Amid U.S. crisis, efforts afoot to assist immigrants locally

Sep. 02, 2014 @ 04:58 AM

While the immigration debate faces gridlock on Capitol Hill, some in Sanford are focusing on offering guidance and support for undocumented immigrants in Lee County.

Earlier this month, N.C. Gov. Pat McCrory estimated the number of unaccompanied, undocumented children in North Carolina at 1,200.

"We do have some, certainly, in Lee County," said the Rev. Robert Ippolito of St. Stephen Catholic Church, who is a Board of Immigration Appeals accredited representative. "I'm working on about five or six cases of one sort or another [involving unaccompanied immigrant children]."

Ippolito said unaccompanied often is a misnomer, and that any children who come to the border by themselves are considered unaccompanied even if they are coming to meet a parent or sibling. He said most children come from Honduras, El Salvador and Guatemala.

He also warned against painting immigrants with a broad brush, noting that circumstances often vary among cases. One case he is working on involves a mother whose 9-year-old son is a U.S. citizen. She is not, and neither is her 4-year-old daughter who faces a number of medical issues.

"The mother cannot stay here with those children unless we can prove something in this case that will give her relief from the court system," Ippolito said, "which would be based mainly on the daughter's health condition."

In another case Ippolito said was more typical, two brothers, age 14 and 16, came to Lee County to join their mother, who has been in the U.S. for 12 years. Ippolito said the brothers would qualify for Special Immigrant Juveniles Status, given to children under 18 who have been abused, abandoned or neglected by one of their parents.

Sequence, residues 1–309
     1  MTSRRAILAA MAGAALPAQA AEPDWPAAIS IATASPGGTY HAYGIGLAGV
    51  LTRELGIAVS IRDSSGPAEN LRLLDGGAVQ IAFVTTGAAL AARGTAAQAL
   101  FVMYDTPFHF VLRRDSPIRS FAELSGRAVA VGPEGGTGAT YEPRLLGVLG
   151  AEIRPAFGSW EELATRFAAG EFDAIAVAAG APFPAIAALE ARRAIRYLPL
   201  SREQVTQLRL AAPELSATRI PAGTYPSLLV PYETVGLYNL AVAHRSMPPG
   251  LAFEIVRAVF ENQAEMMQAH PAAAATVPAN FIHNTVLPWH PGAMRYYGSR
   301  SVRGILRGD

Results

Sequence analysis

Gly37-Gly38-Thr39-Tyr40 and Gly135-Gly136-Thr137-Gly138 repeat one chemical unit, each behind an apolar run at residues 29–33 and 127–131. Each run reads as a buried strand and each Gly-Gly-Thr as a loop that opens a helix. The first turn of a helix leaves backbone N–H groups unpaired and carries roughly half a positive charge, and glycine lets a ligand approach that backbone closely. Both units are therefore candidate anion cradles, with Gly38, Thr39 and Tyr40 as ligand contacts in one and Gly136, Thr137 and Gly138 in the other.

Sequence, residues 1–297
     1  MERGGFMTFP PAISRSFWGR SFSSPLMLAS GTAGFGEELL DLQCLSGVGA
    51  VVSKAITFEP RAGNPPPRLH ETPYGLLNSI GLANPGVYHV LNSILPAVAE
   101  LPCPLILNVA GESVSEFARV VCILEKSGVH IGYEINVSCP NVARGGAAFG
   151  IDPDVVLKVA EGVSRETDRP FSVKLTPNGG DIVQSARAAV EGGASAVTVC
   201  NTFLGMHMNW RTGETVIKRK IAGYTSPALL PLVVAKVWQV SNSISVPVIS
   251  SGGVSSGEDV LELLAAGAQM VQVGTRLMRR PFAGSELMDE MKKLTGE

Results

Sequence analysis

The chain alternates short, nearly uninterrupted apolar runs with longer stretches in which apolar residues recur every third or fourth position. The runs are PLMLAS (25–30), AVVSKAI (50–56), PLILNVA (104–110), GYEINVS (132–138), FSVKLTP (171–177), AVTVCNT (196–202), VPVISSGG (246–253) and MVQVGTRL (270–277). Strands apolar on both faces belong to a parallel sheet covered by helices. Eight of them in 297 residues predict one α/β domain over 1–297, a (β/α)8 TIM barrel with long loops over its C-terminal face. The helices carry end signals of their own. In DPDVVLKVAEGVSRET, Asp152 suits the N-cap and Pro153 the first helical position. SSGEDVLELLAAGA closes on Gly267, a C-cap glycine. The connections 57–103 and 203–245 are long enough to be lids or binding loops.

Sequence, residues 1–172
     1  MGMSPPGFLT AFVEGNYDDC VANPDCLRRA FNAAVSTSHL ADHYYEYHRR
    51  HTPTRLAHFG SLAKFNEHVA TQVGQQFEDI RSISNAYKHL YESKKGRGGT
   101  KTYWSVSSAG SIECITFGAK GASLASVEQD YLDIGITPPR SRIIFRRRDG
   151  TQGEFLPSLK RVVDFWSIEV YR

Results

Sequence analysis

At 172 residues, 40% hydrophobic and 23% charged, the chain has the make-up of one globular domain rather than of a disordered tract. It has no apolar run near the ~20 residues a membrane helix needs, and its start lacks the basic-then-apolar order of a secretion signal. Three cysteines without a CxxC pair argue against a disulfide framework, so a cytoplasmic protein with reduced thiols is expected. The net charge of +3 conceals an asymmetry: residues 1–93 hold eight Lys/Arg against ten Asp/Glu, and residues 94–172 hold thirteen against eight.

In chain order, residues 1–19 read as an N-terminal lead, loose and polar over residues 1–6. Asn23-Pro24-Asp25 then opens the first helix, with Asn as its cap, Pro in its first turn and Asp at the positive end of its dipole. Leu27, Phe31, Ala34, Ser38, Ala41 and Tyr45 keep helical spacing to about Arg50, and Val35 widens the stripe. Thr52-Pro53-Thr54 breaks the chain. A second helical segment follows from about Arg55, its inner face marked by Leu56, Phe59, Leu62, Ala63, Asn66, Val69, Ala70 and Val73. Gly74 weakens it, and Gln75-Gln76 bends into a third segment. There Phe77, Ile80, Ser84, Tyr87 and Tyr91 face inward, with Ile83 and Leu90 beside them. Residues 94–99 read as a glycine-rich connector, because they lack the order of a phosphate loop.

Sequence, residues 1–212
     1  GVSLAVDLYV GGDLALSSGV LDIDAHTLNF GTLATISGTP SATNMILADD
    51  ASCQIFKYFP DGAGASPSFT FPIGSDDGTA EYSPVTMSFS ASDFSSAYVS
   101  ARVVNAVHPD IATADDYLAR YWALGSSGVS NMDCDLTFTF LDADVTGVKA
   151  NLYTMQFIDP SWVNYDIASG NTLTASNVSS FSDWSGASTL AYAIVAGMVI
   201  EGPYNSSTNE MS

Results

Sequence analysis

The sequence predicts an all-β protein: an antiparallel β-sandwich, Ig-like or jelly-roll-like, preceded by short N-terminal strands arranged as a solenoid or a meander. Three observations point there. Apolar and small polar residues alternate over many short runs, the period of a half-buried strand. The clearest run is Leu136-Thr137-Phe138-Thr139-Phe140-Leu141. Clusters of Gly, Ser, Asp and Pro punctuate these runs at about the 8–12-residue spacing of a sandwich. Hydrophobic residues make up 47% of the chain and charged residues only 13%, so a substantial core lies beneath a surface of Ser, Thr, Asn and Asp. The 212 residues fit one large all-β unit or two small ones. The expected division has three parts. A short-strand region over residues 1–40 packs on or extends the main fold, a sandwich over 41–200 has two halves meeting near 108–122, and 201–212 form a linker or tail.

"In this case, you have to go to a family court and get a judge to declare that it would not be in [the children's] best interest to return to their country of origin," Ippolito said.

As far as long-term legal means of addressing undocumented immigrants, Ippolito is dubious. He said President Barack Obama is expected to make an announcement deferring deportation of immigrants with family ties in the U.S., but that it would take congressional action to come up with a more comprehensive solution.

"It won't be anything permanent, because you can't do anything permanent without Congress," Ippolito said. "In the meantime, we can't do a whole lot, but we do our little piece of the puzzle here in Lee County."

To that end, the city of Sanford announced in July it is one of two North Carolina cities to win a Building Integrated Communities in-kind grant from UNC Chapel Hill, which will go to fund a citywide effort to create integration plans for foreign-born residents. The grant will provide support over the next two years with a needs assessment, planning and facilitating community workshops, surveying successful efforts in other communities and more.

Also, Ippolito said he has two lawyers who have agreed to work pro bono on immigration cases, and that he is trying to expand the resources available to immigrants in Lee County.

Bob Bridwell, former director of Sanford's Planning and Community Development Department, now serves as a minister at St. Stephen's, where he works with Ippolito and others to provide aid to immigrants.

"When we see people in need, we try to help them," Bridwell said. "We apply the law, but we still try to help."

Bridwell lamented the political grandstanding he says takes place when it comes to immigration reform.

"What they've done is they've taken a humanitarian crisis and turned it into a political issue," Bridwell said of Congress. "We need [a solution] that protects the borders and, at the same time, represents fairness and equity to the people and helps keep families together."

Ippolito expressed doubt that Congress would take definite action any time soon. Instead, he is focused on offering assistance at the local level in any way that he can.

"Our job is to service the people here," Ippolito said of his church. "I don't ask them why they came. They come in asking for help, and the response is to do what we can for them."